8. Weigh year-end investment moves
You shouldn’t let tax considerations drive your investment decisions. However, it’s worth considering the tax implications of any year-end investment moves that you make. For example, if you have realized net capital gains from selling securities at a profit, you might avoid being taxed on some or all of those gains by selling losing positions. Any losses over and above the amount of your gains can be used to offset up to $3,000 of ordinary income ($1,500 if your filing status is married filing separately) or carried forward to reduce your taxes in future years.
9. Beware the net investment income tax
Don’t forget to account for the 3.8% net investment income tax. This additional tax may apply to some or all of your net investment income if your modified AGI exceeds $200,000 ($250,000 if married filing jointly, $125,000 if married filing separately, $200,000 if head of household).
10. Get help if you need it
There’s a lot to think about when it comes to tax planning. That’s why it often makes sense to talk to a tax professional who is able to evaluate your situation and help you determine if any year-end moves make sense for you.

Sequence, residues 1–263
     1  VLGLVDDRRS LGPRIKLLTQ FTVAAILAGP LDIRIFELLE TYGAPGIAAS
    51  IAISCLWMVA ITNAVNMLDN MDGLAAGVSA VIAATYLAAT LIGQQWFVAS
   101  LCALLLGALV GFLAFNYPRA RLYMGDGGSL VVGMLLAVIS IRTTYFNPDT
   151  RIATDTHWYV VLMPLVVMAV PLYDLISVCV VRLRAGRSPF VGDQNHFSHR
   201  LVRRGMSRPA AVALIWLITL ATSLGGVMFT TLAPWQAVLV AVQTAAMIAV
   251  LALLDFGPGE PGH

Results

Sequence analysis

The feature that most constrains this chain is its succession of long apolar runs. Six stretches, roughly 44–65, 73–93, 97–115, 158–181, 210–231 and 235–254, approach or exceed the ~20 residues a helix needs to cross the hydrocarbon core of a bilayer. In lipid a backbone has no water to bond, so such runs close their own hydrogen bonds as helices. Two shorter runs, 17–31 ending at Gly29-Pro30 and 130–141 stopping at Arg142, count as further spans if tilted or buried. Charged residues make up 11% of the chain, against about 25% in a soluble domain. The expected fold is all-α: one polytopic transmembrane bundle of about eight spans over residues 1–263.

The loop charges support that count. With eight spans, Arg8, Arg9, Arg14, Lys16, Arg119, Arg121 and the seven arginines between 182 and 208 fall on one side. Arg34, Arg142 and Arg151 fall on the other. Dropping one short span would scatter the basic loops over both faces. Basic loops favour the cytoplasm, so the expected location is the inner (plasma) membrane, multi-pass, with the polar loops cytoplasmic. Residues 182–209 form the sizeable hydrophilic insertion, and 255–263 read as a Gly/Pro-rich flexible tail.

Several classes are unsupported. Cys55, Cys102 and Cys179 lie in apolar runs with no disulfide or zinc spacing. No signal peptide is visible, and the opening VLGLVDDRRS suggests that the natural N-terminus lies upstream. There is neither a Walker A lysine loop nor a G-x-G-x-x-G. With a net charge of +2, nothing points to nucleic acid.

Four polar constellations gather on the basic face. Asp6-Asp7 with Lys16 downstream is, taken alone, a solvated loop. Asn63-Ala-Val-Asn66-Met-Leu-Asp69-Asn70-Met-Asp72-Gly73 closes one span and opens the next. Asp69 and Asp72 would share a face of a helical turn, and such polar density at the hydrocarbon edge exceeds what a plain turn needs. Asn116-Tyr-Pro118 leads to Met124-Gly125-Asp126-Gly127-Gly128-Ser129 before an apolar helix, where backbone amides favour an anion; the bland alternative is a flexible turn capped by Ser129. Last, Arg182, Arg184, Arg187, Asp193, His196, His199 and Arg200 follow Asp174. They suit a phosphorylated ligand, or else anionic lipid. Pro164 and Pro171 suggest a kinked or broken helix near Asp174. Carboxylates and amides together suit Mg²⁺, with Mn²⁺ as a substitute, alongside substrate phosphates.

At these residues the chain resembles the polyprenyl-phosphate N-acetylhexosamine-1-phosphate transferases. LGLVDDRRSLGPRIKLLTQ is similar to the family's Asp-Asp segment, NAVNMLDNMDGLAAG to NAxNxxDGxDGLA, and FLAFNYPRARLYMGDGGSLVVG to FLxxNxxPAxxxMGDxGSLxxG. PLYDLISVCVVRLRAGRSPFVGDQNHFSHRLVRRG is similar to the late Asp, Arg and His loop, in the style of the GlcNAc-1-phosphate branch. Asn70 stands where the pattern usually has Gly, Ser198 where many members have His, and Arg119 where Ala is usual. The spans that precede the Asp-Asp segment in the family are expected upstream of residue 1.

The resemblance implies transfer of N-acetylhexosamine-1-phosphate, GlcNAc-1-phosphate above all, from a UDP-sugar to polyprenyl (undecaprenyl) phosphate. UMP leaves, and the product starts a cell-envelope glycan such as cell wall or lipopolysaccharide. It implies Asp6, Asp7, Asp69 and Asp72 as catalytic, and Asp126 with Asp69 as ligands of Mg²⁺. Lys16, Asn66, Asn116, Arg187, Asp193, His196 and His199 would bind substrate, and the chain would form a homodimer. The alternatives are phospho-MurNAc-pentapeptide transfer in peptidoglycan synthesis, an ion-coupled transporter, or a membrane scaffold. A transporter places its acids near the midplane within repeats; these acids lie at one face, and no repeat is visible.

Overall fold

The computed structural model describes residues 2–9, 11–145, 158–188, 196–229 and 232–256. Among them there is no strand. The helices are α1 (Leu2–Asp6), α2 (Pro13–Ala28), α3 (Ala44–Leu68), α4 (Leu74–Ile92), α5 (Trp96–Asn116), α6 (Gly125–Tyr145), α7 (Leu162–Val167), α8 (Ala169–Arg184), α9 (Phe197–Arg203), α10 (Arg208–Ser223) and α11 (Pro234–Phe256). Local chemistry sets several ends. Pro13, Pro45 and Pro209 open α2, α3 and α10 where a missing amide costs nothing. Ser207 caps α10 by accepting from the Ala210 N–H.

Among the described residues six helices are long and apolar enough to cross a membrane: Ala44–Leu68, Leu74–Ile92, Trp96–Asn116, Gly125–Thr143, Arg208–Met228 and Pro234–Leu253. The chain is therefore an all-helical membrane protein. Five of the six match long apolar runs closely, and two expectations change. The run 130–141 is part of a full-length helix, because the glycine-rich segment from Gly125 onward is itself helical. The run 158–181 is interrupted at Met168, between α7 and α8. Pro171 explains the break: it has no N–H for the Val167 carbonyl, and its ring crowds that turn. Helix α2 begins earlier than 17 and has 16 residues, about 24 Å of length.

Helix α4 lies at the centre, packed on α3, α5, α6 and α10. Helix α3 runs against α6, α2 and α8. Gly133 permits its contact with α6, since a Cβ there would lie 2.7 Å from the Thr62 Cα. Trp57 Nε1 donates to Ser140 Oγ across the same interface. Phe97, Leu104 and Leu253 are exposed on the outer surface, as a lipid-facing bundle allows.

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This article is meant to be general in nature and should not be construed as investment or financial advice related to your personal situation. Waddell & Reed does not provide legal or tax advice. This information is prepared by an independent third party, Broadridge Investor Communication Solutions, Inc. and is provided for informational and educational purposes only. Waddell & Reed believes the information has been obtained from sources considered to be reliable, but does not guarantee the accuracy of the information provided. This information is not meant to be a complete summary or statement of all available data necessary for making financial or investment decisions and does not constitute a recommendation. Please consult with a tax professional regarding your personal situation prior to making any financial related decisions. Also note that the information provided may include references to concepts that have legal, accounting and tax implications. It is not to be construed as legal, accounting or tax advice, and is provided as general information to you to assist in understanding the issues discussed. Neither Waddell & Reed, Inc., nor its Financial Advisors give tax, legal, or accounting advice. Nothing contained herein is intended as a solicitation or an offer to buy or sell any product or service mentioned and they may not be suitable for all investors.
Duane Silbernagel is a Financial Advisor in Lincoln City, Oregon offering securities through Waddell & Reed, Inc., Member FINRA and SIPC. He can be reached at (541) 614-1322 or via email at DSilbernagel@wradvisors.com.